• Initially, we had a long list of communities that we wanted to speak with just from doing our live show, Blogologues, which we were discussing above. Then, of course, around episode 30 or so, it got a little more difficult, ha. We do a ton of research on our own, and our team + The Daily Dot also consistently keep an eye on the news for interesting trends and new communities forming. We also do get fan email that occasionally has leads (though more often people write us to comment on already published episodes), and we also get suggestions from our Discord chatroom. (HI FRIENDS!) We'd LOVE to get more suggestions for interviewees-- that definitely makes our lives easier.

    • Tay was brought in by Matt because they had worked together on a project previously, so - although I am loathe to give Matt props - he was responsible for that one! He already had access to Tay. Chuck Tingle was pure cold outreach. I took the intro call with him, which he thought was the "big show," then was so kind to come back for the actual podcast.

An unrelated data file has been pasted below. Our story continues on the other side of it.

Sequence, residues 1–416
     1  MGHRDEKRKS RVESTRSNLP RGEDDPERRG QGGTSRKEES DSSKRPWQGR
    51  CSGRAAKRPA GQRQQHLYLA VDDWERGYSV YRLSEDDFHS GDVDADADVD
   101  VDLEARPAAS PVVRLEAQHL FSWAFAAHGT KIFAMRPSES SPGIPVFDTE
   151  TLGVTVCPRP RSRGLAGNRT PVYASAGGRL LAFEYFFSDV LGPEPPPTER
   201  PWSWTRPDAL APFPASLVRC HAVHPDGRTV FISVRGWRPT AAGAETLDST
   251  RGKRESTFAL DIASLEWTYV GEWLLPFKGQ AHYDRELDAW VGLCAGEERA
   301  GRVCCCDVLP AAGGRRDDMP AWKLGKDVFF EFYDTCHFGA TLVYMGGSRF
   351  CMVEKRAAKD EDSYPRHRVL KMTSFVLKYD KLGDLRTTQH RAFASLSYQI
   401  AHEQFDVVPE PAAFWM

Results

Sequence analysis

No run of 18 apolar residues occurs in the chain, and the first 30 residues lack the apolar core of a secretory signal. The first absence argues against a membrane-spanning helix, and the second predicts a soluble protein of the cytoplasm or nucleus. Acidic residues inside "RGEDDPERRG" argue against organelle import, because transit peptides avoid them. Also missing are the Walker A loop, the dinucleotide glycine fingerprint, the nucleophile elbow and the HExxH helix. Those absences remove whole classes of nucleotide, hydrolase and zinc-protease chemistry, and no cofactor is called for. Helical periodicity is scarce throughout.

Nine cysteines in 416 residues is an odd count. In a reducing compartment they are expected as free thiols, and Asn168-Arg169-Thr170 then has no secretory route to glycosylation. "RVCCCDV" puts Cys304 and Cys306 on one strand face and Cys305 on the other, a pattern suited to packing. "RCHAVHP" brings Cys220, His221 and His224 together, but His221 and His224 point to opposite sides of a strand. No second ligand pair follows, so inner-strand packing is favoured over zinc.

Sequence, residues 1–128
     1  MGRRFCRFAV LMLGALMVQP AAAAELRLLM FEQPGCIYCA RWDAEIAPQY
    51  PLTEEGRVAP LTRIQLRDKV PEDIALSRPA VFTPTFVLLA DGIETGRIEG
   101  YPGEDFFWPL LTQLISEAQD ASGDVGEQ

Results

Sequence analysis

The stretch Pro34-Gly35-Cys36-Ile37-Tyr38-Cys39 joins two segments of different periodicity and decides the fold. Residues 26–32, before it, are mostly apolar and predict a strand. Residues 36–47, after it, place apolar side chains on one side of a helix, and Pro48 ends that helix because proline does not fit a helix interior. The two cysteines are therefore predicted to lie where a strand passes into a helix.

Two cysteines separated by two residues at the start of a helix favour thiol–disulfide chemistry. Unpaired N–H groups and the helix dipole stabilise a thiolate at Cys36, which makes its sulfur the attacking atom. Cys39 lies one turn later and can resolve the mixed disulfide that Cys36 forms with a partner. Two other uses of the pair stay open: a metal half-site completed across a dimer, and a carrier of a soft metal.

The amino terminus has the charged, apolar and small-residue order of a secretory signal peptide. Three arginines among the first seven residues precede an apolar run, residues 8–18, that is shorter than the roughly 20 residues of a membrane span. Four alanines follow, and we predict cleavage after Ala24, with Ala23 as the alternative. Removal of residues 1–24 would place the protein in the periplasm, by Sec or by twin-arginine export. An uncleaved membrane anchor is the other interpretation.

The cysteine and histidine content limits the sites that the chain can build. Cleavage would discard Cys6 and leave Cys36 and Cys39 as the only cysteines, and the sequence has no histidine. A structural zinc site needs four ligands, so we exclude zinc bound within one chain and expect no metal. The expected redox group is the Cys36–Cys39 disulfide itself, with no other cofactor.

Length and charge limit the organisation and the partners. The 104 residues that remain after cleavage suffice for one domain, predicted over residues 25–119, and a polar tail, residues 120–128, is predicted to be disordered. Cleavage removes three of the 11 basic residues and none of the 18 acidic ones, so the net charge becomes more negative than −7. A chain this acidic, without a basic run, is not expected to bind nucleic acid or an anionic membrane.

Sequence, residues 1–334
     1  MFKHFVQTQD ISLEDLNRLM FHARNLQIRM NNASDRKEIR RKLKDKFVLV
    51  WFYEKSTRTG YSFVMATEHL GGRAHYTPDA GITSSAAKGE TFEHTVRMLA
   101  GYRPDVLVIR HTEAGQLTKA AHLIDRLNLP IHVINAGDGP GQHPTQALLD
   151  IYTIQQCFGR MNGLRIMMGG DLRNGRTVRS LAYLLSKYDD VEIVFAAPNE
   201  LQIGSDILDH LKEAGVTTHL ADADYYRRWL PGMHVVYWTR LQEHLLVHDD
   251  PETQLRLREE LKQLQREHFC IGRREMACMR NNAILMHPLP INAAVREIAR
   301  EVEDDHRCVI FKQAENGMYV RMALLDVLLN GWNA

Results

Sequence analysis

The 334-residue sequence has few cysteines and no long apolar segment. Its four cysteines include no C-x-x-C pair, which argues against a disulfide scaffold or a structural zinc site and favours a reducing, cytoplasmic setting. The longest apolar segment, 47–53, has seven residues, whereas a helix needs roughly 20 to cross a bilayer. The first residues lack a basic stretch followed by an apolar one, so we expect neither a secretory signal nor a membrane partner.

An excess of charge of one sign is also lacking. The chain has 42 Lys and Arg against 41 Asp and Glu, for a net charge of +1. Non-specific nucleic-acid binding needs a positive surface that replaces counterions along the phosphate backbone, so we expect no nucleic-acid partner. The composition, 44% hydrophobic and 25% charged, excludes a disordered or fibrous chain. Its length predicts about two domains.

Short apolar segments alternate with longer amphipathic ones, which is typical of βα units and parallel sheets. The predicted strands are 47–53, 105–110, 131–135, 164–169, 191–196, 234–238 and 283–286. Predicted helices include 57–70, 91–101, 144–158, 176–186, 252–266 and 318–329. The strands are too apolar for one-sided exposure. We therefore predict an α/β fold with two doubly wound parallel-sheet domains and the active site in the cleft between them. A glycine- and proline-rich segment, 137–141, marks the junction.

• Ashley's story struck me because it was overwhelmingly an example of how the internet can be positive and supportive, helping people embrace who they are and find others like them. Ashley made herself vulnerable to ridicule and, instead, got back kindness and community (for the most part - there are always a few haters). We strongly want our podcast to highlight the ways the internet brings people together, rather than polarizes them. What also jumped out at me was how Ashley said she'd previously been fixated on presenting herself in one way on social media (as we all are), but had a complete mindset shift about her online identity and what it meant to express her full self online. I think that's so important. For most of us, the online version of ourselves if idealized in some way, or very carefully curated. I'm so interested in how we can "be ourselves" online, and I think she's a great example of that.

      Some time last year, we were interested in interviewing someone involved with Men's Rights, but decided we felt like we were not able to have a positive and productive conversation about that. We're still interested in this, but the hateful rhetoric we were reading made us scared to reach out to potential interviewees.